BUSINESS BRIEFS: The tail of two crocodiles, Business tax proposals announced, Attempt to structure around the Overseas Investment Act proves costly.
The ‘tail’ of two crocodiles
Lacoste recently successfully defended its rights in the Court of Appeal (1) to its trade mark which depicts both a crocodile and the word ‘crocodile’ (mark 70068) despite it never actually having used the mark.
Crocodile International Pte Limited had applied to have Lacoste’s mark revoked on the ground of non-use under 66(1)(a) of the Trade Marks Act 2002. Lacoste argued that its use of its other, more familiar mark, constituted use of mark 70068 under the Act’s extended definition of ‘use’ which includes ‘use in a form differing in elements that do not alter the distinctive character of the trademark in the form in which it was registered.’
In making its decision, the Court of Appeal agreed with the High Court that it should first assess the points of difference between Lacoste’s familiar mark that has been used and the mark as registered (70068). It must then ascertain if the differences alter the distinctive character of the mark as registered (70068).
The court held that the differences between mark 70068 and its more familiar mark were insignificant and did not alter the distinctive character of mark 70068, which was dominated by the image of a crocodile. It held the use of the word ‘crocodile’ added nothing to the distinctiveness of the mark.
Despite the result of this case, it’s important to remember to ‘use’ your registered trade mark to prevent claims of this nature being brought by your competitors.
(1) Crocodile International Pte Limited v Lacoste  NZCA 111
Business tax proposals announced
In April 2016, the Prime Minister announced a package of proposals to simplify business tax, many of which will benefit small and medium-sized businesses. Some of the key tax proposals include:
- A new pay-as-you-go option for paying provisional tax for small businesses with less than $5 million annual turnover. This will give small businesses an alternative to the current system which requires three annual provisional tax payments. In order to take advantage of the proposal, businesses will need to use a cloud-based accounting system linked to the Inland Revenue such as Xero.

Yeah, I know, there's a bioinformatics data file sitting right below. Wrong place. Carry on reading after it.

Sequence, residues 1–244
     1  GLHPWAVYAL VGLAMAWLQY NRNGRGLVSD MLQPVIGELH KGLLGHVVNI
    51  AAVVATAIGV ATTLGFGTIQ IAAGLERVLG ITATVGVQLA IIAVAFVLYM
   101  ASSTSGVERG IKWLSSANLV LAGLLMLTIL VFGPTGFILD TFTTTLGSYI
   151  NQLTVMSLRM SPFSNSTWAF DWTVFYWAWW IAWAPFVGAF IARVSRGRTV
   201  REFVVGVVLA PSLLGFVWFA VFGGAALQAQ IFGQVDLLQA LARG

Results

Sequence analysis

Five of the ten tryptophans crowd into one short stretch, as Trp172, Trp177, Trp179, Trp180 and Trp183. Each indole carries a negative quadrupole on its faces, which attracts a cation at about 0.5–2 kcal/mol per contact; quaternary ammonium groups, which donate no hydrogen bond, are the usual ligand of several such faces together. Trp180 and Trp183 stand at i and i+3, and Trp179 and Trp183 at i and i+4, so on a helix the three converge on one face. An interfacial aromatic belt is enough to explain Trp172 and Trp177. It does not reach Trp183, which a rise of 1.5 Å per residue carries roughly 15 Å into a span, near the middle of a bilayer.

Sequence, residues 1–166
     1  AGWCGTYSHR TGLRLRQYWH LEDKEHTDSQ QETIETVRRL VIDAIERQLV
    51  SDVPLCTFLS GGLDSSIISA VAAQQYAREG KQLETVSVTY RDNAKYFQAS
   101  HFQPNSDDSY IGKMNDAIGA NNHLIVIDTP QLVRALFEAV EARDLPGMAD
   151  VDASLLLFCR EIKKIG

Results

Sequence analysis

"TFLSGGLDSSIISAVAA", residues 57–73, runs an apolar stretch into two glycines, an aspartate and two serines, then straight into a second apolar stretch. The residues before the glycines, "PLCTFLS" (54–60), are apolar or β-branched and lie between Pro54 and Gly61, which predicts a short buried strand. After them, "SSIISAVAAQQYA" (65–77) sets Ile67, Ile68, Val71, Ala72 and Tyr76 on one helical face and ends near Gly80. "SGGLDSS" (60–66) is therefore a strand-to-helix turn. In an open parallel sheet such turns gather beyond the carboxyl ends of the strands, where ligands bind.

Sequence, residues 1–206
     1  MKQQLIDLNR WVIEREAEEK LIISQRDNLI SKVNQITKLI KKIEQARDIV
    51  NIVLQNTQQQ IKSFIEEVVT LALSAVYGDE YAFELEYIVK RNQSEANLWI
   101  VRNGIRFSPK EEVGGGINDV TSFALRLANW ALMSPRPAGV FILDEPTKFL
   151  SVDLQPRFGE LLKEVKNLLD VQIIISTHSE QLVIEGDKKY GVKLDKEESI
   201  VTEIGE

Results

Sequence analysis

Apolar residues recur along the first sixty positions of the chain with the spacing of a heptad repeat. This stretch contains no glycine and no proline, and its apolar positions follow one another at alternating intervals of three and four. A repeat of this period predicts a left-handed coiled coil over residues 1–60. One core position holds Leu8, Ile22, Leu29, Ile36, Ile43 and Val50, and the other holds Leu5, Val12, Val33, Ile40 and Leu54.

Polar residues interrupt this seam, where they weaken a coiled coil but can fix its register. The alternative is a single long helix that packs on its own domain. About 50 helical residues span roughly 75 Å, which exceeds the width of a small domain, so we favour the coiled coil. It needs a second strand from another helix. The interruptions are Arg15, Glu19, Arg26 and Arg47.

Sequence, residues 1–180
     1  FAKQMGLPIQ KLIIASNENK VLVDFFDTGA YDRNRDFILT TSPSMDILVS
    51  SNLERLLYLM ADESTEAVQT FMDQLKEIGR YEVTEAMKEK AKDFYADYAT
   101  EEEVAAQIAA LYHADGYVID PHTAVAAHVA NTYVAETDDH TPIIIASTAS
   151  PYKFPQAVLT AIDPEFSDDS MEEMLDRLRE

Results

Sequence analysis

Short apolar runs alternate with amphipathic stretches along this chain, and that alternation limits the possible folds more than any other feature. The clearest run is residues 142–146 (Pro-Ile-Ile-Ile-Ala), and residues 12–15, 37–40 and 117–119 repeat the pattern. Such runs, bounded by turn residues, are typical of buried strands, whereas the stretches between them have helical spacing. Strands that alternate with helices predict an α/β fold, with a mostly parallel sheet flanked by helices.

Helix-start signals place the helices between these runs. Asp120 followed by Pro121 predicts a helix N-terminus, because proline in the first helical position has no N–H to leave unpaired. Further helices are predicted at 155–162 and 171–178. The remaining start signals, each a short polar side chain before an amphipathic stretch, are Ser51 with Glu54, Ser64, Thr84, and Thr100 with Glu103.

- Changes to the ‘use-of-money interest’ rules that govern the interest paid to taxpayers for overpayment of tax and interest charged for underpayment. The practical effect is that the changes will eliminate or reduce use-of-money interest for the majority of taxpayers.
- Contractors will be able to elect their own withholding tax rate to better reflect their circumstances and reduce the impact of provisional tax.
- Certain penalties will be removed, including the current 1% monthly penalty for new debt. However, immediate penalties and interest charges for late payments will still apply.
New legislation is likely to be introduced later in 2016 and most of the proposals have a planned implementation date of 1 April 2017.
Attempt to structure around the Overseas Investment Act proves costly
A recent case (2) serves as a reminder of the wide application of the overseas investment regime and a warning against attempts to try and structure deals around it.
Carbon Conscious New Zealand Limited (CCNZ) needed to buy some land to meet its planting obligations for a carbon credits scheme. The land was sensitive under the Overseas Investment Act 2005. However CCNZ (a subsidiary of an Australian company) did not have the time it would have required to get consent – it needed to buy the land to start its planting in time to meet those obligations.
After taking advice an arrangement was entered into which involved a new company (Katey LR) being incorporated with the CCNZ general manager’s wife as the sole shareholder and director. That company bought the land and entered into some contractual arrangements with CCNZ which included giving CCNZ an option to buy the land.
These arrangements made the two companies associates under the Act, the result being that there was an acquisition of sensitive land by an associate of an overseas person without consent which is in breach of the Act. The High Court looked at a number of factors including the nature of the breach, the nature of any damage caused or gain made and whether the breach was intentional, inadvertent or negligent. The court ultimately ordered CCNZ to pay a penalty of $40,000 (after applying a 50% reduction for its admission of liability and co-operation) and $6,000 in costs.
New Zealand’s overseas investment regime is intentionally broad in its application. Any attempt to structure around it is unlikely to succeed, and carries with it the potential for significant penalties.
(2) LINZ v Carbon Conscious New Zealand Limited and Katey LR Investments Limited  NZHC 558